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If we die, we’re taking you with us (The Bees)

To mark World Bee Day, Year 7 Rookwood House at St Mary’s School Ascot prepared a memorable assembly. The whole school was in attendance and pupils and staff were given some thought-provoking material.

This year, World Bee Day highlighted that one-third of the UK’s bee population has disappeared over the past decade and 24% of Europe’s bumblebees are now threatened with extinction. “If the bee disappeared off the face of the planet, humankind would only have four years left to live.” Attributed to Albert Einstein this is a serious wake-up call and should give us all cause for concern.

There are 20,000 known species of bees globally with 270 species recorded in the UK. Only 1 of these is the famous honeybee which is kept by beekeepers in colonies of managed hives. The rest of the bees are wild and play a major role for our stable, healthy food supply. These bees are key to the varied, colourful nutritious diet we need and have come to expect. Bees have adapted to pollinate, helping plants grow, breed and produce food. They do so by transferring pollen between flowering plants and so keep the cycle of life turning. Without bees, we would risk losing many meat and dairy products too because we feed animals with food that is made from pollinated plants. Bees also pollinate wildflowers, so our countryside would be far less interesting and beautiful without them.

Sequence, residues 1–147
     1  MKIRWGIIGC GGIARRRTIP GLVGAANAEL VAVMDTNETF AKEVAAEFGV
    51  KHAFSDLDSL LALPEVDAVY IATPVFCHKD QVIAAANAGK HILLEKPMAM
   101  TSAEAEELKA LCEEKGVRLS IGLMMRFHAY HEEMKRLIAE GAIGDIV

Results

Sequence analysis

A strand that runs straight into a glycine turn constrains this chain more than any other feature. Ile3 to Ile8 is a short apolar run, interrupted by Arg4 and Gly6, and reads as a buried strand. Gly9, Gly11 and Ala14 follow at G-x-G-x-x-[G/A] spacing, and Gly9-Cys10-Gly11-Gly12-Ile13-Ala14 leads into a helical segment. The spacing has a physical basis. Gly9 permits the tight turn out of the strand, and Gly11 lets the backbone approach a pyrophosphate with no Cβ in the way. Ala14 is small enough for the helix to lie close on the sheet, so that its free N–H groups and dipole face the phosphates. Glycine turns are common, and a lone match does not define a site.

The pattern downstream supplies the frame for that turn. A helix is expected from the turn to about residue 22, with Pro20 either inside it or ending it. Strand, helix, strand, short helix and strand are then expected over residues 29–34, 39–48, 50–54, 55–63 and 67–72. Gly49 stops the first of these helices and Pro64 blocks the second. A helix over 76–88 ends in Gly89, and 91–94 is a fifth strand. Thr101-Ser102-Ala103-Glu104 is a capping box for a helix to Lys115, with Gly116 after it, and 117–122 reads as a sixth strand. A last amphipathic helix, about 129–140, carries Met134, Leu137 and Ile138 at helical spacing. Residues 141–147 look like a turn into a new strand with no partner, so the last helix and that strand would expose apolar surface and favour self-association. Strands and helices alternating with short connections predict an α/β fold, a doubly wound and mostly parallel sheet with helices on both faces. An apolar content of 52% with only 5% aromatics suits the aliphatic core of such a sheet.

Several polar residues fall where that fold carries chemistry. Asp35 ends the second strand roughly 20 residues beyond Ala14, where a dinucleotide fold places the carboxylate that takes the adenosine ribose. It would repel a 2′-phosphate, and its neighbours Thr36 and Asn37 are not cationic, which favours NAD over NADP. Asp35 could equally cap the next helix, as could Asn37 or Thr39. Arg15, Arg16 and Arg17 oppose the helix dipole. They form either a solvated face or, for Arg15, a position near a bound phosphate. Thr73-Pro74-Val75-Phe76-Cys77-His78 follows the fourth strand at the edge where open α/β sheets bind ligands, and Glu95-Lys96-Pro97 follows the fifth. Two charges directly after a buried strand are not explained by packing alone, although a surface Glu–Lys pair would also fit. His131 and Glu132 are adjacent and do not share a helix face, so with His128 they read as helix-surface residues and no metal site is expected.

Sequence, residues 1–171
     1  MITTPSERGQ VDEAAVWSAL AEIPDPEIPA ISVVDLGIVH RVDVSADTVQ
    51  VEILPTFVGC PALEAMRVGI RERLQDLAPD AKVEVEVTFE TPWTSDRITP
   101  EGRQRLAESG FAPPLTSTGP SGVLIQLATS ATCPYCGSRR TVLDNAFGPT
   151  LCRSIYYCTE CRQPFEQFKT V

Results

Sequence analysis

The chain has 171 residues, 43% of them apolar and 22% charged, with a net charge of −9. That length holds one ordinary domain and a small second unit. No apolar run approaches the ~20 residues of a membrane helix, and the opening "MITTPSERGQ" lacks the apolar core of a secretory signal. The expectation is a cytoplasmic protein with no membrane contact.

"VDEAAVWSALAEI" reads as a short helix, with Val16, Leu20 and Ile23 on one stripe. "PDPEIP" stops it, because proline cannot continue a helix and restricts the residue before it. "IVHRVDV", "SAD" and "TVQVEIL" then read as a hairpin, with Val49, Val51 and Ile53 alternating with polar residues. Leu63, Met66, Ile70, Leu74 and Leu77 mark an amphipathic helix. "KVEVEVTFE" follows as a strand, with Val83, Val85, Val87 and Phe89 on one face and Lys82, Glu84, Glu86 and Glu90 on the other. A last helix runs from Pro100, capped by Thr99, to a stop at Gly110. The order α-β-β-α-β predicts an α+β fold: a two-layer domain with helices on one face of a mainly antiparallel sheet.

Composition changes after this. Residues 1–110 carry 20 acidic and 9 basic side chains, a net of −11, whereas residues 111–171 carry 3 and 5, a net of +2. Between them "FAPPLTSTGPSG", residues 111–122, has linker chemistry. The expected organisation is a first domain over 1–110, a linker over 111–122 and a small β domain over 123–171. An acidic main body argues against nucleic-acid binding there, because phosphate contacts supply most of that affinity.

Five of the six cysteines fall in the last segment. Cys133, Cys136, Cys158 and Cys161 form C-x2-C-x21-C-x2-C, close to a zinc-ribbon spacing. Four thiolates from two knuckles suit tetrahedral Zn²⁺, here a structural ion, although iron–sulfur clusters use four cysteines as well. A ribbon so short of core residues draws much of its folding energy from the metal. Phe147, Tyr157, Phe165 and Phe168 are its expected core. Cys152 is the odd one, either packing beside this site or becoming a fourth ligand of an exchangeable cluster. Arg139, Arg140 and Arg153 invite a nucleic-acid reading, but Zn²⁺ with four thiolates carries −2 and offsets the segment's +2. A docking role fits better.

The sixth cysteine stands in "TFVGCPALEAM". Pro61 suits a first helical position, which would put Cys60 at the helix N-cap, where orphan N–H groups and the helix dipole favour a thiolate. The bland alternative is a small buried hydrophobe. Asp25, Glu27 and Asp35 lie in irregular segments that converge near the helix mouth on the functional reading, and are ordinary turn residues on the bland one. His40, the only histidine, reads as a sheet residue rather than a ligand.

But bees are in trouble and there is growing concern all over the world at their decline. This is caused by the overuse of pesticides; by loss of habitat; by climate change; and by disease. Although not yet definitively proven, scientists suspect that growing radiation used by communication towers for mobile phones can interfere with the bees’ ability to navigate through their antennae.

It is extremely serious that bees are disappearing at such a fast rate. They are a marvellous part of God’s creation that can teach us much about the spiritual life. Monks and nuns have been beekeepers for thousands of years, and through their first-hand experience, they recognised the spiritual value of this small creature. Like in a monastery, bees cannot survive on their own but depend upon the division for labour in the hive. Each bee is given a specific task, whether it is building the comb, foraging for nectar, scouting the area, or tending to the developing bees. They all work together in unison for the good of the hive under the leadership of the queen.

Secondly, the bee is associated with wisdom. Bees collect nectar from a flower and then return to the hive to transform it into honey.

Last of all, bees are an example of perfect discipleship. They diligently follow the orders of the queen and will even die for her sake.

We hope that our assembly has helped to appreciate bees more and to remind us that it is our responsibility to care for our world and the creatures within it.

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